Refugees head back to school at Brussels university


Together with university administrators, a Syrian professor at VUB has set up a programme that puts highly educated refugees on the fast track to a better future

A fresh start

A Syrian academic is encouraging refugees in Belgium to continue their education, through a unique university programme that offers people fleeing war zones the chance of a better future.

Dr Mohammad Salman came to Belgium from Damascus five years ago to study international relations at the Free University of Brussels (VUB). He is now responsible for co-ordinating the Welcome Student Refugees programme, which supports integration of refugees as part of the university's refugee taskforce.

“The VUB has a social responsibility to do something about the refugee crisis,” says the university's refugee taskforce leader Koen Van den Abeele, who has 15 years of management experience in the social sector. “The rector, Paul De Knop, put together a group at the end of last year to examine what action we could take. The idea was not to provide housing, blankets or food. We want to stick to our core business of education, training and research. So we started to analyse the data.”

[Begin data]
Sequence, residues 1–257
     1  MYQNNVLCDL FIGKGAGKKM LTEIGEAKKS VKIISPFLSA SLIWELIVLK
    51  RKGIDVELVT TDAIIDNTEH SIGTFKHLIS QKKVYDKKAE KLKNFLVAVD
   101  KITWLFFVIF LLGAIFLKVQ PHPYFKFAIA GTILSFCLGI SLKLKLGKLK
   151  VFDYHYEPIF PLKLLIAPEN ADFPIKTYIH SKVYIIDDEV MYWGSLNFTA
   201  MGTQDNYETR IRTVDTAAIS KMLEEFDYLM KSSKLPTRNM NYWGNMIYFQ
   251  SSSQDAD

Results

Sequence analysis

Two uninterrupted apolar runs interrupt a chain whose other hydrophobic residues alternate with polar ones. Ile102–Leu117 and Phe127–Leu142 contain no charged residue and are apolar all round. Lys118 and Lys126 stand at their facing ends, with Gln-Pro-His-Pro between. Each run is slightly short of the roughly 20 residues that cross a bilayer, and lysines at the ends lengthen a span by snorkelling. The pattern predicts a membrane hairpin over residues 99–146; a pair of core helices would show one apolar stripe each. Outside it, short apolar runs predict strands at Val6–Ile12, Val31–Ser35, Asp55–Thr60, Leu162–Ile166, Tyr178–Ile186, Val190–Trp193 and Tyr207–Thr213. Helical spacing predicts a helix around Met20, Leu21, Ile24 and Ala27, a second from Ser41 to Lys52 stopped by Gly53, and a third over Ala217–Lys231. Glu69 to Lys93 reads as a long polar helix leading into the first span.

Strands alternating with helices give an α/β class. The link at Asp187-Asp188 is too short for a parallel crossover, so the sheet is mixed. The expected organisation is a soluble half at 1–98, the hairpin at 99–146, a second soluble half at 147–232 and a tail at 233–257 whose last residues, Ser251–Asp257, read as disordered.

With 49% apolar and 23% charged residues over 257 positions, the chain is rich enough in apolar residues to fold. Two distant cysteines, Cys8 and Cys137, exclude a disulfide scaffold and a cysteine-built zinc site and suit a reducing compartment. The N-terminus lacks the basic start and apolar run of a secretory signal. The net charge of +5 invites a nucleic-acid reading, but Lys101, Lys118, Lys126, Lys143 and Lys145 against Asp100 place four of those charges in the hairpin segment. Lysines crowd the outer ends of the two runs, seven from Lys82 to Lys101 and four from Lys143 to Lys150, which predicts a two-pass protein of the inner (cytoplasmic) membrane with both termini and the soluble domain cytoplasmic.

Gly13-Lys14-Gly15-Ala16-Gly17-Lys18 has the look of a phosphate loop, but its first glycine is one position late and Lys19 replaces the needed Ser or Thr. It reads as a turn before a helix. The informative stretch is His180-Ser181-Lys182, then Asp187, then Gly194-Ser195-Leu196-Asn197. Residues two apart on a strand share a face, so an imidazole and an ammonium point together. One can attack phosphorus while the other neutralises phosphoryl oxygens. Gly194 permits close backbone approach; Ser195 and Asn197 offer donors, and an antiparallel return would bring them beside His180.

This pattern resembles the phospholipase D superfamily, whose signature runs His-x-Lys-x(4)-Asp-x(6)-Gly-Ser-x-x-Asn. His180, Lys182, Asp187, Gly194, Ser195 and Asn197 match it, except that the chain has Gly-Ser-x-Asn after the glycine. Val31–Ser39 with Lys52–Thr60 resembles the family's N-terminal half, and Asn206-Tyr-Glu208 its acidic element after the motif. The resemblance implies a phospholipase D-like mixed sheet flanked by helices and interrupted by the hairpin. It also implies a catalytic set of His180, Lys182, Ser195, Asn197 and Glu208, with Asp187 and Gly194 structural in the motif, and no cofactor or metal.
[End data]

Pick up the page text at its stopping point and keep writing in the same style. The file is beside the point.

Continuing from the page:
Van den Abeele talked to the department of foreign affairs, the federal asylum agency and other authorities, gathering statistics from their interviews with asylum-seekers. What he found was that of 35,000 people applying for asylum in Belgium, 23% had been students before they fled their country, with 11% of those at university.

“So straight away, we could see it wasn’t a few hundred but a few thousand people,” he says, “and we wanted to be ready when they got their asylum status.”

These people are highly educated, and all of them want to work, Salman points out. “They have certificates, they have Master’s degrees, but their qualifications are not recognised here.” So VUB is inviting them to apply for a variety of undergraduate and postgraduate courses, in English and Dutch.

Out of the water

The taskforce caught people’s attention when De Knop announced it in his New Year’s address. “We expected a lot of interest, but we didn’t really know what to expect. Maybe 100 applications,” says Salman. “But up to now I’ve received more than 800 emails from refugees who want to study here.”

Of these potential students, more than 500 have the academic capability to start right away, but language is a stumbling block. Most of them have a good level of English, but about half want to study in Dutch to increase their chances of finding a job in Flanders. The university and its adult education wing have provided free language classes for those eligible to start studying. 

These are educated, professional people who want to create a life here and be part of society

- Dr Mohammad Salman

“Language and education are the best ways to integrate into a new culture. So if their language isn’t good enough, we’ll give them a chance,” says Salman. “Some have been studying and are already at level B1 in Dutch having been here six months.” Those offered a place on a course of study can defer it until September 2017 if their language skills are not yet sufficient.